Best practice potato storage advice from University of Idaho researchers
Optimal storage practices start in the field and can hinge on a variety of factors and conditions, both with the tubers and inside their storage environment.
As we’ve seen this year with volatile processing demand, sometimes factors away from the farm can force growers to push the limits on keeping their potatoes still in storage at quality levels. It’s important for potato farmers to make sure their spuds and their storage equipment are in the best shape possible.
University of Idaho professors and Extension specialists Nora Olsen and Mike Thornton have done extensive research on potato storage during their careers. They offered some timely best practice tips and for tubers as harvest approaches for many farmers.
Is there an optimal internal tuber temperature for harvesting potatoes that are going into storage?
The general recommendation is to harvest between 45 and 65°F pulp temperatures. This range in temperature is wide to encompass conditions to minimize quality concerns resulting from shatter and blackspot bruise and disease and to provide the ability to remove heat from the potatoes in a timely manner. These are not absolute temperatures but merely a reference to indicate the potential risks to quality if harvested with temperatures outside the range. Not all varieties will respond the same to these temperatures. For example, a variety susceptible to blackspot bruise should avoid being harvested at the lower range of the recommended temperatures. Other varieties may be more susceptible to Pythium leak and should not be harvested warm.
What is the most common harvest-related mistake you encounter that leads to problems in storage?
Weather is not always conducive to perfect harvest temperatures or conditions, therefore we may have to harvest in sub-optimal conditions. This may lead to a higher risk for quality issues and greater management needs in storage. There are actions both in the harvest and handling of the crop and in-storage to mitigate the risk even when dealing with sub-optimal harvest conditions. Not responding or reacting to the higher risk by changing management can lead to additional problems in storage.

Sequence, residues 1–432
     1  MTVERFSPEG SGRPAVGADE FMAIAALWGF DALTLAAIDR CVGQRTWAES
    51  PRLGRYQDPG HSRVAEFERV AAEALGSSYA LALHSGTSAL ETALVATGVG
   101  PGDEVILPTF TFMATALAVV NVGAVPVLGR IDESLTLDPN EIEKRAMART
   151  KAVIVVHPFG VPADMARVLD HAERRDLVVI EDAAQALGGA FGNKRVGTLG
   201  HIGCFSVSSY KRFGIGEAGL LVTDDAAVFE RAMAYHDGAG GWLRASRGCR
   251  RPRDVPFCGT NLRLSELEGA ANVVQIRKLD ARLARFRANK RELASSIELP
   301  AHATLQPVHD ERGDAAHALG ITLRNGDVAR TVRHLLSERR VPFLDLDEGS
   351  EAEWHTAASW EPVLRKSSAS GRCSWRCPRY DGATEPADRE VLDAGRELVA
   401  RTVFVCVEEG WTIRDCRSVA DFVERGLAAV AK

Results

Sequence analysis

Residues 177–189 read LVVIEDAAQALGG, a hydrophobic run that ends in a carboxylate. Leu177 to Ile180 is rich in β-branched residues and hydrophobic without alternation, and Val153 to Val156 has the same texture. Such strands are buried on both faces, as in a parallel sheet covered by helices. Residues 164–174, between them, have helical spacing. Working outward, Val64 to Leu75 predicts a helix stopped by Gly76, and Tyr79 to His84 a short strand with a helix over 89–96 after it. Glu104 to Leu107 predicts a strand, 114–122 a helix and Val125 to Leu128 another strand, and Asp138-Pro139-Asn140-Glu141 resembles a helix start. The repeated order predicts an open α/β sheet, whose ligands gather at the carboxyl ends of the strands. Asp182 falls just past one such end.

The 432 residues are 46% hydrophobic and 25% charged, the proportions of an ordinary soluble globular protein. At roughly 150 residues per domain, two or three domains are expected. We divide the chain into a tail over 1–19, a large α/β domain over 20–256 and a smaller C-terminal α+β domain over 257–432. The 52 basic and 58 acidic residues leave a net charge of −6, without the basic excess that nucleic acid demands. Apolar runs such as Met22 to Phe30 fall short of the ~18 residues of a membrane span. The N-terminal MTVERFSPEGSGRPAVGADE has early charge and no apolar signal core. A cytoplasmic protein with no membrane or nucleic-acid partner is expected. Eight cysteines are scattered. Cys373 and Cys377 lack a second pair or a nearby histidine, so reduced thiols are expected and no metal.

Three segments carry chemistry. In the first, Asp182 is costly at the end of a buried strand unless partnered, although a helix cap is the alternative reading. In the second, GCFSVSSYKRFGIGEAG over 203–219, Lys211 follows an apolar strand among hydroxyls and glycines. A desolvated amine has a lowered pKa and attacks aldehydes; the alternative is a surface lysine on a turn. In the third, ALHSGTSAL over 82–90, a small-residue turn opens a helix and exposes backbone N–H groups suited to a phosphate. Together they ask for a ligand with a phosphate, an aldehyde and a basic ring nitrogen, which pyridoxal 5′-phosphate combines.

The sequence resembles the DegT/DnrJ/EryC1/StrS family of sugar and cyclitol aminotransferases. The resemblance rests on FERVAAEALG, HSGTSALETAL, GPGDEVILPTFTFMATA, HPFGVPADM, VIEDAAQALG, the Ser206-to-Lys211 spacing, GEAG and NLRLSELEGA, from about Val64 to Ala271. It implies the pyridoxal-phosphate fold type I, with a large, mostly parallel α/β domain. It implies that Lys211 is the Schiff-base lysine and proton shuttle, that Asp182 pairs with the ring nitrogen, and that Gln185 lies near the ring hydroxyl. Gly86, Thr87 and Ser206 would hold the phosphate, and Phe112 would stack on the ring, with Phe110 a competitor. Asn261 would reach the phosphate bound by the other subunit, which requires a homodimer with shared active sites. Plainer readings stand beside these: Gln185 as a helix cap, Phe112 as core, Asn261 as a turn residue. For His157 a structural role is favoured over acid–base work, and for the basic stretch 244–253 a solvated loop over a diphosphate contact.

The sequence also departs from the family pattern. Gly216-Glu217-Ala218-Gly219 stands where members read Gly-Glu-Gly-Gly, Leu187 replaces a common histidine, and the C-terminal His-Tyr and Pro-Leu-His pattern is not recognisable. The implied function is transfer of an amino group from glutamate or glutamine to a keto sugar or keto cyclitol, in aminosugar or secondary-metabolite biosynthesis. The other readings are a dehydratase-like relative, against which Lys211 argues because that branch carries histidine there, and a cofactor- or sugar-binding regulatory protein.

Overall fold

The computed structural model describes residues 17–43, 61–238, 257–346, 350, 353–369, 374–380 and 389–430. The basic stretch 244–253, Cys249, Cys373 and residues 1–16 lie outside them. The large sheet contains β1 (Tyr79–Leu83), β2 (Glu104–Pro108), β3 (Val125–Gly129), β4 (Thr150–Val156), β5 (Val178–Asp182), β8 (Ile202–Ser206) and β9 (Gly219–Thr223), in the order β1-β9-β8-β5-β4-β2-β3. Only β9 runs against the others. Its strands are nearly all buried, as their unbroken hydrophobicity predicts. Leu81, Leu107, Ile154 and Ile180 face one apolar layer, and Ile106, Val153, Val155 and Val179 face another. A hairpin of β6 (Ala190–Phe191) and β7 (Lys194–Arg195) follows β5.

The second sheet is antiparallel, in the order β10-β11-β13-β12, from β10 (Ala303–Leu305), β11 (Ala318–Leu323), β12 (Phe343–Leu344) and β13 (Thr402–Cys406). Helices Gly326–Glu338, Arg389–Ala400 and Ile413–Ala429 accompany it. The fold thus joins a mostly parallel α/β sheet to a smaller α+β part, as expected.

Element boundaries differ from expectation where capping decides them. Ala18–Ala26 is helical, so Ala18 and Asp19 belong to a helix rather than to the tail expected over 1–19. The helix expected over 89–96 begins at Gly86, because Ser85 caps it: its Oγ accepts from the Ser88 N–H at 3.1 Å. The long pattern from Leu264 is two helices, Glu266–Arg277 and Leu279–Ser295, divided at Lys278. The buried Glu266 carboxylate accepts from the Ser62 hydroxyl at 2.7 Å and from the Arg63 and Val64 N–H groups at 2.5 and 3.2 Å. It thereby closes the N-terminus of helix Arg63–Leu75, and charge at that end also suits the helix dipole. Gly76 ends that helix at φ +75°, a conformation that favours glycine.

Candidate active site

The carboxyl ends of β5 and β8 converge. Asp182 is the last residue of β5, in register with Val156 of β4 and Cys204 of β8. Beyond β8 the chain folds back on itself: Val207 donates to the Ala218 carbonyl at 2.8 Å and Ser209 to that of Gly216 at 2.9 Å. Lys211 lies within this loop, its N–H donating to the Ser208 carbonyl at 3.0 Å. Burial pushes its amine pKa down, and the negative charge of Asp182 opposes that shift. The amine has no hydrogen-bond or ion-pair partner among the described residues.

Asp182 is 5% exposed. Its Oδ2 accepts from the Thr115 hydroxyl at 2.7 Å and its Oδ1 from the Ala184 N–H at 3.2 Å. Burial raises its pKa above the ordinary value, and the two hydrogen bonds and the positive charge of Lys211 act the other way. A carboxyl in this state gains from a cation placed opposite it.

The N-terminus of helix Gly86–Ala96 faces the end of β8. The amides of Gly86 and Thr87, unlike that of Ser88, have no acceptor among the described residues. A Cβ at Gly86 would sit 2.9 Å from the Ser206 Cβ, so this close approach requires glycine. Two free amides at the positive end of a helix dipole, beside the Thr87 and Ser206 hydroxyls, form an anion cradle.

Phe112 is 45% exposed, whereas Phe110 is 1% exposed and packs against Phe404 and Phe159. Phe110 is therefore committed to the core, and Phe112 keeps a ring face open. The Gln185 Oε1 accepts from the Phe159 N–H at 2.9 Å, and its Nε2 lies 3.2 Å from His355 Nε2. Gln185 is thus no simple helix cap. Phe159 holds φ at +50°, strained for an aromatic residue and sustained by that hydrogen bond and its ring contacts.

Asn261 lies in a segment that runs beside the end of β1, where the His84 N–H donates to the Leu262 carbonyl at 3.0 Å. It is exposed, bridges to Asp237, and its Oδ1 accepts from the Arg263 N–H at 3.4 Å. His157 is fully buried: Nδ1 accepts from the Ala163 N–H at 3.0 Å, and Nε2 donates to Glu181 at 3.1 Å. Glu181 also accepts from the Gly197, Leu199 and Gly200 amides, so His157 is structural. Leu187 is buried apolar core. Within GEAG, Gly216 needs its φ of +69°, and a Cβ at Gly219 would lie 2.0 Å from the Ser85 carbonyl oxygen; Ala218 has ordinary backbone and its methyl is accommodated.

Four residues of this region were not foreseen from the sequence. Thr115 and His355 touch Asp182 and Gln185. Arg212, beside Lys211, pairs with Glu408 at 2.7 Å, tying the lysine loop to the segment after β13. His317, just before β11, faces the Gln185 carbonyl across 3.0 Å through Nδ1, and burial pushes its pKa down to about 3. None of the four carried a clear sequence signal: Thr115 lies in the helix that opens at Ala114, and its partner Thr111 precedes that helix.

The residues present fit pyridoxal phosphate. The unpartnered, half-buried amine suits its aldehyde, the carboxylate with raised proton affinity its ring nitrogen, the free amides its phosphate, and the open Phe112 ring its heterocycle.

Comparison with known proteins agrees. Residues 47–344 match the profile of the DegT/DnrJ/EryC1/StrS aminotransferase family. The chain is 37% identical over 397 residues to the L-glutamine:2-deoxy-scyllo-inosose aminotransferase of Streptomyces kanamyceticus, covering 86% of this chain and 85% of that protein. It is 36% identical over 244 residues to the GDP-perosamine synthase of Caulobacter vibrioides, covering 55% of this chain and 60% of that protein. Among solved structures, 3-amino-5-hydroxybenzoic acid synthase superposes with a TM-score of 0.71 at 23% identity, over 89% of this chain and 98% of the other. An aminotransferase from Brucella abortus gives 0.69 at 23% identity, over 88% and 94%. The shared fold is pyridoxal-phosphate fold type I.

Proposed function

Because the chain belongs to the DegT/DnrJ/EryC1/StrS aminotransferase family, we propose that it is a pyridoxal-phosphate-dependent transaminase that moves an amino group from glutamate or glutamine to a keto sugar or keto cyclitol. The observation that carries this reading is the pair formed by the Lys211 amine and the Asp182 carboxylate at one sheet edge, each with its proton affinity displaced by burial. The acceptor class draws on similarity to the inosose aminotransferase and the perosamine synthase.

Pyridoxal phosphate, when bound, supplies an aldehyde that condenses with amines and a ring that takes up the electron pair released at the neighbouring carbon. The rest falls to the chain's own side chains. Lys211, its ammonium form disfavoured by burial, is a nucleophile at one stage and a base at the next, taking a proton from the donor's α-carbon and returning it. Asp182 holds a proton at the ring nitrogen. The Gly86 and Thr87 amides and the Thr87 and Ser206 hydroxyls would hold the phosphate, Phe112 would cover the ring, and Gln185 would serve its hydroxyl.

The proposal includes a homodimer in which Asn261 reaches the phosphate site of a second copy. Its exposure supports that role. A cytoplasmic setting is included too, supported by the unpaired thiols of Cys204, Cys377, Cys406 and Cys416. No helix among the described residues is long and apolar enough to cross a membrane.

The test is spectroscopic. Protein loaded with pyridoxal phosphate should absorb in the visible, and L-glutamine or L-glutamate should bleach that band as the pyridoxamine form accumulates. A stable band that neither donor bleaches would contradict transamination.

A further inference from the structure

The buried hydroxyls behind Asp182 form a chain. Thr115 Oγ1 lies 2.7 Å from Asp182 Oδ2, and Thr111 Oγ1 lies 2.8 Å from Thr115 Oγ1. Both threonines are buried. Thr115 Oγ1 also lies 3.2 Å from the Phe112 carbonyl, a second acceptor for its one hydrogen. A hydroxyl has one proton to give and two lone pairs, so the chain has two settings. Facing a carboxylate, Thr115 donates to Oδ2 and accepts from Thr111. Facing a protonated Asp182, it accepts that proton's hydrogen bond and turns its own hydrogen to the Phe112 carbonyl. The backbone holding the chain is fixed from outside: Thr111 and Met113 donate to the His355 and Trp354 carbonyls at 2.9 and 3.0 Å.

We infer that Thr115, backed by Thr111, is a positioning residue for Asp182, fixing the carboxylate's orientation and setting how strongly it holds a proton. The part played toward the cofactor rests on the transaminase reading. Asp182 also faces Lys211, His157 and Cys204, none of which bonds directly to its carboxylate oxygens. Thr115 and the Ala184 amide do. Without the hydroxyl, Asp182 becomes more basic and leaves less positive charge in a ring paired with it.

Any advice on storage facility preparation?
Once the storage is filled you are relying upon sensors and your own observations in the storage to manage the crop. Utilizing any and all tools available to help monitor the crop is a great advantage to better understand what is happening in this football field of potatoes piled 18 feet high. Ensure all your tools — especially temperature and humidity sensors — are working and properly calibrated. Temperature calibration is extremely important since the storage is ventilated and managed off these values.
What pre-storage question do you hear most often?
A common question is where to take pulp temperatures of the crop so you know when you should shut down the harvest operations. The answer is dependent upon the harvest conditions. For example, to manage for handling bruises, it is best to use the temperatures of the potatoes either just about to be harvested or sitting in windrows — this would be the lowest temperatures the potatoes are at as they start to get handled and potentially bruised. If there is concern for too high of temperatures, which can make cooling down the potatoes in storage more difficult, then be aware of the pulp temperatures loading into storage. Potatoes can easily warm up between harvest, trucking and piling into storage, and having information on temperatures at both the field and at storage will help decide when to stop harvesting. Knowing those temperatures going into storage also is vital to manage the incoming crop and how to decide on set-points and ventilation strategies.
Is there any recent research that could potentially change harvest or pre-storage practices?
There are so many varying conditions and moving parts that can impact quality, and then add on the variety susceptibility component, it can be a constant battle for the industry. Research information is providing tools and data to empower the industry to tailor operations to be aware of the conditions that impact quality and to make changes to the crop or equipment as harvest progresses. Some of the latest research:
- Shows ability to use an iodine stain to easily see fresh shatter bruises;
- Suggests sampling within a few hours of harvest to see where at least the majority of the blackspot bruises are coming from to make adjustments; and
- Shows that certain varieties may need a different harvest protocol.